“Almost ready?” he asked from the living room. I opened the door and skipped out to find him standing in fitted black pants, a worn denim jacket, and... a fedora.
I wanted to break up with him right there and then. I wanted to say, “Listen, I thought I loved you but it turns out my only cardinal rule is: no fedoras.” Actually, it’s the only information I listed on my Tinder profile.
We walked out of his apartment and sat on a bench in his courtyard. He smiled at me lovingly, tried to kiss me several times. But things had really shifted. And he knew it. I couldn’t help it, so I told him. “I hate fedoras.” He told me he owned several and that he was going for “80s punk, Jim Jarmusch’s Stranger than Paradise, and The Clash.”
I settled on calling him jazz man. I decided, for the sake of love, to forgive him this most serious sartorial trespass.
He hasn’t worn it since—in front of me, that is—but he leaves them all out, visible and stacked, in the apartment that we share. A reminder to me that jazz man cannot be quashed, not completely.
Collier Meyerson, reporter, contributor at The Nation, fellow at The Nation Institute
There was a golden era for the author photo. I haven’t conducted a formal survey, but from my own experience of reading books and leafing through first editions at bookstores, this era begins sometime in the late 60s and lasts until the 90s, possibly the early aughts. I’m describing the black-and-white portrait, usually cropped below the shoulder, usually with the writer gazing directly into the camera but sometimes not. The portrait suggests that this is exactly who she is on any given day, and today was the day she decided to have her picture taken.
Susan Sontag possessed some of the most memorable author photos not simply because of the white streak in her hair, which she added after she began to go grey, but also because she possessed a striking face. I remember looking at it on the cover of one of the earlier editions of Against Interpretation. She has the kind of face I would want to make into a bust if I were a sculptor. It is very clear and very direct. Noble. It is unafraid. She is a handsome woman.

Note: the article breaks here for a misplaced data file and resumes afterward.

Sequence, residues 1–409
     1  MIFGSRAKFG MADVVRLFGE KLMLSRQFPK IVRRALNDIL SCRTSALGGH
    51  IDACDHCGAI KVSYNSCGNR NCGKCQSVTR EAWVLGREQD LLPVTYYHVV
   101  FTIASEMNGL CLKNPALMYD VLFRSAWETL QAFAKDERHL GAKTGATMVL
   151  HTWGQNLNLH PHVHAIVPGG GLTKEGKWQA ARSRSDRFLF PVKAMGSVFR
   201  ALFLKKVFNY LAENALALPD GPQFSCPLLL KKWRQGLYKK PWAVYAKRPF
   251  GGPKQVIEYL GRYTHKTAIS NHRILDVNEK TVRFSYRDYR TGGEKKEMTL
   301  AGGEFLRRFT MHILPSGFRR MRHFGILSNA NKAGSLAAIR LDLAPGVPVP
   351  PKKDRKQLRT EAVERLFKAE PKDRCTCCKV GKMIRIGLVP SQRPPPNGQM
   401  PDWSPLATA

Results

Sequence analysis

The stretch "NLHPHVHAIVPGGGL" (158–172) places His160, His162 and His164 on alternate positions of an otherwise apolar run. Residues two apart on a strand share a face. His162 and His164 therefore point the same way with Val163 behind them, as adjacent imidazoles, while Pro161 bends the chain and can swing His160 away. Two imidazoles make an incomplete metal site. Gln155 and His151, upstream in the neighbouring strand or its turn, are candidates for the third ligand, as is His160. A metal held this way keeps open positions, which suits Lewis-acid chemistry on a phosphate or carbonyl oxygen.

Which brings me to the picture I am thinking of, which is, in fact, not an author photo of Susan Sontag, but it is a picture of her that appeared on a book. It was taken by Peter Hujar in 1975 and it was used on the cover of Sigrid Nunez’s 2014 memoir Sempre Susan, about Nunez’s time dating Sontag’s son David Rieff and living with them both. In a roundabout way, Hujar’s portrait has served as a kind of author photo, because Nunez is aware of Sontag’s legacy and her small contribution to it. In the photograph, Sontag lies flat on her back, her hands folded behind her head, and she is gazing somewhere off into the distance. It is more playful than other photographs of her—partly because you sense that Hujar is in control of this one, not Sontag—but you still sense the weight of her giant intellect. She is wearing a simple ribbed turtleneck. The sleeves stop just below her elbows. It fits her body snugly, so you can see the curve of her breast and the slight convex indentation of her nipple—punctuating the long lines of her body. When I think of Sontag, I think of this turtleneck—its softness, the smell, even the inevitable pilling it would have had—as if it were a gesture of her existence. It is an embarrassing trick of the imagination when one confuses a well-known image with one’s own memory, but I don’t really care. It’s as close to her as I’ll ever get.
Thessaly La Force, Features Director at T Magazine
Even then, they were ugly jeans. The inch or so of waistband had been razored off, leaving a soft, tattered edge the whole way around her waist. More crucially, the back pockets were absent. They were smooth, nonutilitarian jeans in that rusty shade of blue. B wore them to first period math class. Ninth grade. The year everyone tried to speak fluent Chappelle’s Show.
There’s energy in her damp hair so early in the morning, it sets the imagination going, the evidence of her shower. The egg-shaped teacher, he doesn’t like her. Obviously thinks she’s dumb because she often arrives late and so many of us stare—which should make us the dumb ones but that’s not how it goes. Sitting behind her, I can track a straight shot down from the dark curls of hair at her neck to the chipped plastic seat she’s resting against. The chair’s rectangular cut-out provides a widescreen shot of her brown lower back and those fantastical, rude jeans. Of course they call attention to her butt—where did the pockets go? These jeans were far more common than I realized at the time. Early 2000s trendy. Mall-purchased, maybe Abercrombie or American Eagle.
I ran into her exactly once outside of school that year, while playing hockey in sneakers with neighborhood boys, up the hill and around the corner from my house. She exited a car full of older guys and I didn’t anticipate that she’d recognize me or call out my name. She had big, goofy teeth—it wasn’t even a Top 5 crush. When she hugged me, she pressed against me, not distant but natural, like we did it all the time, like this intimacy of bodies was not just familiar but easy. That sensation rode below the immediate, blushing novelty of the hug.